Tavricheskiy Palace is one of the most recognizable sights of St. Petersburg. It served as the residence of famous historical figures, the provisional government and even was the barracks of the cavalry regiment. We remember these and other interesting facts.

From Potemkin to Karamzin: famous inhabitants of the Tavricheskiy Palace
The first owner of the Tavricheskiy Palace was the serene Prince Grigory Potemkin, a favorite of Catherine II. He was Governor-General of Novorossiysk, Azov and Astrakhan provinces, but often came to St. Petersburg. Every time he stopped at the Zimniy Palace in the end it became inconvenient for him, so in 1783 he started the construction of his own Palazzo. After the construction of the Palace, he soon decided to sell it to the Treasury, but in 1791 the mansion returned to its owner: Catherine II gave it to Potemkin as a thank you for taking the Turkish fortress of Ishmael. After the death of Potemkin, when Tauride was again bought by Catherine, in the Palace for some time lived commander Alexander Suvorov. Another famous resident of the Palace was the historian Nikolai Karamzin, who spent the last days of his life in Tauride.

"The art of arguing with the pleasures of nature»
The majestic Palace is the work of architect Ivan Starov, who studied with Potemkin in the gymnasium of Moscow University. Starov built not just a house for the Prince, but a real city estate with a luxurious Park.

The basis of the Palace consists of four main rooms-a Dome hall, a large gallery (Catherine hall), the lobby and the winter garden. At the time of the construction of the Tavricheskiy , its Large gallery was the most spacious Palace building in the Russian capital: the length of the hall was 74.5 meters, width — 14.9 meters. Winter garden with rare plants also impressed contemporaries.

For example, Gabriel Derzhavin wrote about it: "the first step is a long oval hall, or, better to say, the area, five thousand people to accommodate a comfortable, and divided in length in two rows of 36 more pillars. It seems that the gigantic forces are embedded in it all nature. Through these pillars you can see a vast garden and towering on a small space of the building. At first glance, you will doubt and think that this is the action of charm or, at least, painting and optics; but, having started closer, you will see living laurels, Myrtle and other blessed climates of the tree, not growing tokmo, but other flowers, and other fruits burdened. Under the peaceful teniu them. like velvet, spreading turf green; flowers there are a riot, here izluchyste sandy roads run, towering hills, nepuskajut valley, reach the clearing, glittering with glass reservoirs. Spring reigns everywhere, and art argues with the charms of nature. Swims in the spirit of fun."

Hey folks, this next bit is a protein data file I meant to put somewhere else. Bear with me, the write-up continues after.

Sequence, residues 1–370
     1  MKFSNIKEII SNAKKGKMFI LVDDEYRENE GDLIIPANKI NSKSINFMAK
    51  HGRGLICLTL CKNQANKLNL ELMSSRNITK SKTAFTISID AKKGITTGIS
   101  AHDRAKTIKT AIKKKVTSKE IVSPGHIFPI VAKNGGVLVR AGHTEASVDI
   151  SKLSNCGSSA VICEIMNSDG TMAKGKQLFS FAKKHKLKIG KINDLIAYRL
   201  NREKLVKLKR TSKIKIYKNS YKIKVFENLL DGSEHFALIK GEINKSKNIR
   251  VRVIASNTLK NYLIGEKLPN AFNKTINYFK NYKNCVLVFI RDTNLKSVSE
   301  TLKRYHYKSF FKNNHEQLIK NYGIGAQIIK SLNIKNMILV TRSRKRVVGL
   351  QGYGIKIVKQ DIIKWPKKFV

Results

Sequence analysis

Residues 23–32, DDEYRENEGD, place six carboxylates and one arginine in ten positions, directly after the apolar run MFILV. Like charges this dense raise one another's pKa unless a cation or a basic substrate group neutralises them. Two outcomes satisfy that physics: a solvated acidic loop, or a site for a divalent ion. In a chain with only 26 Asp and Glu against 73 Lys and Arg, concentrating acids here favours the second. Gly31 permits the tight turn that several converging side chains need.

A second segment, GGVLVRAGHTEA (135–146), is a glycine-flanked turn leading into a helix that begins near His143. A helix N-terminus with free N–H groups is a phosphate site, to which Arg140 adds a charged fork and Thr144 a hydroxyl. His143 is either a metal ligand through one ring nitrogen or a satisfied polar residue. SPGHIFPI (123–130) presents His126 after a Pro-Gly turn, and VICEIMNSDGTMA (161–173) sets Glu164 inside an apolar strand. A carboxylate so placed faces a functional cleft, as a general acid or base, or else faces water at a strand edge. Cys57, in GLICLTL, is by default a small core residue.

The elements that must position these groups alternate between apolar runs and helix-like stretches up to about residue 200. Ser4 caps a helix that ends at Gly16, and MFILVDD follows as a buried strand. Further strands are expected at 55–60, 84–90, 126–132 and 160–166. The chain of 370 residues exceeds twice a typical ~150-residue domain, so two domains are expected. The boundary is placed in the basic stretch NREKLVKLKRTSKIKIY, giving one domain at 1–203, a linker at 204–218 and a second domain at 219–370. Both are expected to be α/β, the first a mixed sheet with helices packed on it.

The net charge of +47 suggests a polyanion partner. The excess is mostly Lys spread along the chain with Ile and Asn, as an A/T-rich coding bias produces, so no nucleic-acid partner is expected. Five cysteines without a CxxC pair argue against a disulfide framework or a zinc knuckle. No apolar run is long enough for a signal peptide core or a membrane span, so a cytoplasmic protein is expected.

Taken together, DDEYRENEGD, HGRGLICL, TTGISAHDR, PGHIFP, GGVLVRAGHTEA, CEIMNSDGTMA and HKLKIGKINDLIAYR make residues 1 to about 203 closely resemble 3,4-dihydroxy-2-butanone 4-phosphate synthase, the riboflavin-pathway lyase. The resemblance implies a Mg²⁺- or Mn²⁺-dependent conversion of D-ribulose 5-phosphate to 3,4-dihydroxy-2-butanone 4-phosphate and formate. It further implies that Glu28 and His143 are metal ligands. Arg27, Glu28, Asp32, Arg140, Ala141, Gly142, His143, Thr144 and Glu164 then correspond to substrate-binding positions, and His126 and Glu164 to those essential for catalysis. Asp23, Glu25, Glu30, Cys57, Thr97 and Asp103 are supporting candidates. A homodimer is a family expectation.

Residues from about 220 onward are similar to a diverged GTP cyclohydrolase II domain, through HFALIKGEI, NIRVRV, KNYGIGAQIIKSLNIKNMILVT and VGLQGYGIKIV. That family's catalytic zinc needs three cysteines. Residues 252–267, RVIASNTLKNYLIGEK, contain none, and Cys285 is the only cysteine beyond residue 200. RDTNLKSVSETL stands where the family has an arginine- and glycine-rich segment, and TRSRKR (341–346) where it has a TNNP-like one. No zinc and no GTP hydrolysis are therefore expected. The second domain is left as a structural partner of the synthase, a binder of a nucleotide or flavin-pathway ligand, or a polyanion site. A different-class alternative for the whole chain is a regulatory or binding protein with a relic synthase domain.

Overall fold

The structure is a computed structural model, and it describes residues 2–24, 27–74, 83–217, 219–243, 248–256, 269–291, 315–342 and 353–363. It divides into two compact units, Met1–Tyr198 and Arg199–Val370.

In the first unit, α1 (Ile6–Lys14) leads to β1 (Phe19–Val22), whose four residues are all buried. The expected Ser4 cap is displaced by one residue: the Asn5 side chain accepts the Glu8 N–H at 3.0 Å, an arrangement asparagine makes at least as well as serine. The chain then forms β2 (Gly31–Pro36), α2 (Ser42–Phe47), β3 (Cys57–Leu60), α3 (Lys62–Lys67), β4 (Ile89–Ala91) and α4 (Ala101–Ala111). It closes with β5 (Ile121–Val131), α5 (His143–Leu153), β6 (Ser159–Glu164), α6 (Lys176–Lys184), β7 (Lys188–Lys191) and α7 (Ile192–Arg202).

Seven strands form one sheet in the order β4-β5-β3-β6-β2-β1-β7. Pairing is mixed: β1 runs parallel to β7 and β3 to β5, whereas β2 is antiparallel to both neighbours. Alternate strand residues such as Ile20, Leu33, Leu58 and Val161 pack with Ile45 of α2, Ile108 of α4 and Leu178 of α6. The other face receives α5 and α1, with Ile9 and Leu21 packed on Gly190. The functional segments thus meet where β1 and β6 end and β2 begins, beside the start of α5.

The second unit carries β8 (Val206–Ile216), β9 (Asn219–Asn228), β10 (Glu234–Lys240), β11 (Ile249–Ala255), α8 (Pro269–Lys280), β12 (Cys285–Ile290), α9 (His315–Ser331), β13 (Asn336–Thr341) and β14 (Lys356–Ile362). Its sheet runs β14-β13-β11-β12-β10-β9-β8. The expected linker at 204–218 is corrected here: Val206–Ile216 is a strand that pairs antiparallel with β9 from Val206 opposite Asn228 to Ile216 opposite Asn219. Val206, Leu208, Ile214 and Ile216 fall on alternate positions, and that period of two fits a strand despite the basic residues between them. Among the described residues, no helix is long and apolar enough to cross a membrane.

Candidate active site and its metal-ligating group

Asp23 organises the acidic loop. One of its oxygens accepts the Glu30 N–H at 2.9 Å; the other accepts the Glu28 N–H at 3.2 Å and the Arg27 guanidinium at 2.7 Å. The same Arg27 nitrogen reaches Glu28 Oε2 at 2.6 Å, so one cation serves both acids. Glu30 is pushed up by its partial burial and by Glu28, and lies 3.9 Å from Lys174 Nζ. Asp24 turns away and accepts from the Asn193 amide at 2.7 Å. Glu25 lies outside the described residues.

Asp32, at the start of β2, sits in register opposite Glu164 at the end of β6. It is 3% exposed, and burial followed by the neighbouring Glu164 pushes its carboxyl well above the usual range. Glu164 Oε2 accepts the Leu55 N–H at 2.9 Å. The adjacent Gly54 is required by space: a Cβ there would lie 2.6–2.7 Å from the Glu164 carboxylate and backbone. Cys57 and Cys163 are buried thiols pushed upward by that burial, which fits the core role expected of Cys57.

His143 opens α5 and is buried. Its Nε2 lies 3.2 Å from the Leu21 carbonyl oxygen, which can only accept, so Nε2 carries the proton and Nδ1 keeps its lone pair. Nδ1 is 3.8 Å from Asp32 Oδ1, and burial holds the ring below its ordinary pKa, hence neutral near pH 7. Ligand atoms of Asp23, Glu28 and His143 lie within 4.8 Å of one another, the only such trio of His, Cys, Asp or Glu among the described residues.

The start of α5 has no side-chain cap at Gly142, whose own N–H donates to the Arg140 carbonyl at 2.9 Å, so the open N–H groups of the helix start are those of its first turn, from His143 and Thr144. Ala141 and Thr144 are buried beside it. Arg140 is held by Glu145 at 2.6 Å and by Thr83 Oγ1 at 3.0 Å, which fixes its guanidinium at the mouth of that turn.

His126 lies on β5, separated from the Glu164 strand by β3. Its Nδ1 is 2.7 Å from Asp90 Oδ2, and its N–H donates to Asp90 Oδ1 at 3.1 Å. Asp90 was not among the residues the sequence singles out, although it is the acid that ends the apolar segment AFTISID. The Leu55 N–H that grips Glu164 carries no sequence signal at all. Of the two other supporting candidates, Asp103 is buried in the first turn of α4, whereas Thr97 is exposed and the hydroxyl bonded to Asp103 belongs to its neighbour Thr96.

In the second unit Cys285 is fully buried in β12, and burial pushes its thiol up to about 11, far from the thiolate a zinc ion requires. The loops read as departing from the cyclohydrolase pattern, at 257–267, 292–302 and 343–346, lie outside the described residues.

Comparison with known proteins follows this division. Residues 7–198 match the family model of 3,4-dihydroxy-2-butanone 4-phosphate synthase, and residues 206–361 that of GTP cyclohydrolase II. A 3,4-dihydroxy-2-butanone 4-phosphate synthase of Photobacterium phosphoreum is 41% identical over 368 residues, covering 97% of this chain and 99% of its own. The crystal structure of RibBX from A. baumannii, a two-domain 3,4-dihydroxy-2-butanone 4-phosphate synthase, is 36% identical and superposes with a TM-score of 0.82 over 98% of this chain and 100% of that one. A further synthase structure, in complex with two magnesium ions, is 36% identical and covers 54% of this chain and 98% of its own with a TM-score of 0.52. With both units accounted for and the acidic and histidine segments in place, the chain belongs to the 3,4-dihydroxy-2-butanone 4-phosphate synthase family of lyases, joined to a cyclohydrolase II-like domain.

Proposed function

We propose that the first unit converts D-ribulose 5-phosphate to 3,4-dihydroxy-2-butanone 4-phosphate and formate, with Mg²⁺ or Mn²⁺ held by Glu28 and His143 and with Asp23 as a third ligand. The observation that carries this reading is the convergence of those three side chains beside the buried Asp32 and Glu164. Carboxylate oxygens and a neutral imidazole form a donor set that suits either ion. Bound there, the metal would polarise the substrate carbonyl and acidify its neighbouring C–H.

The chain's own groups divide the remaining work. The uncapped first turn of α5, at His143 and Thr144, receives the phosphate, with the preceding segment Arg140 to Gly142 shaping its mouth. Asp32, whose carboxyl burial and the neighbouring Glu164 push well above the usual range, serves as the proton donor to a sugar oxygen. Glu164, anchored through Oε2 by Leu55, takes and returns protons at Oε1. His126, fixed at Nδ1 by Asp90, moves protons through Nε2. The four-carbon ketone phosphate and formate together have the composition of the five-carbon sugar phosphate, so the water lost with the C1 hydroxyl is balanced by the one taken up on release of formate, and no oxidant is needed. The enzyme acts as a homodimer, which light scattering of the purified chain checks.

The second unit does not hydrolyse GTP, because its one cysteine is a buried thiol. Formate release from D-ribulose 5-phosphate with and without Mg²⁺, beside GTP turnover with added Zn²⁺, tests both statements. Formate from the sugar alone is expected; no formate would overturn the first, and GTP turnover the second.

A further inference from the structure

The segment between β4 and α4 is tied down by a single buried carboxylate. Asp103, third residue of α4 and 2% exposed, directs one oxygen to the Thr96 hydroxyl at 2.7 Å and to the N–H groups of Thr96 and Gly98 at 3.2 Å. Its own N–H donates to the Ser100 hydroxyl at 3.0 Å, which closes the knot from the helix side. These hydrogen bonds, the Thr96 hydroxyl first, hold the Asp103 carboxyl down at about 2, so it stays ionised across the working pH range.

And still Tavricheskiy : what other names were the Palace
At first, the Palace was called Konnogvardeyskiy home, because it was located in the settlement konnogvardeyskogo regiment, which once served as Potemkin. Its modern name Tavricheskiy Palace received after the death of Potemkin by order of Catherine II. Thus immortalized accession Tavrida (Crimea) in 1787, which could happen largely thanks to the very Potemkin. In 1918, after the murder of the famous revolutionary Moses Uritsky, the Palace was renamed in his honor. But this name did not take root, and soon the historical name Tauric returned.

From the Manege to the cradle of Russian democracy: alternative use of the building
After the death of Potemkin, the Palace was restored by the architect Fyodor Volkov. According to his project, a Church was built on the site of the Great hall and a portico was attached to the main entrance; and he turned the concert hall into a theater. In addition, the entrance to the Palace was dug a canal connecting with the Neva river to Tauride could swim small vessels.

Under Paul I, the building was again reconstructed. After the Emperor gave the Palace to the disposal of the horse guards regiment, in the Catherine Dome and halls were arranged in the arena, and in the other room — the barracks. Stables were organized in the Winter garden.

At the beginning of the XX century the Palace was transferred to the state Duma. After the revolution, Tavrichesky housed the Provisional Committee and the Provisional government, and after it settled Petrograd Soviet of workers ' deputies.

Today the Palace is the headquarters of the inter — parliamentary Assembly of the CIS countries.

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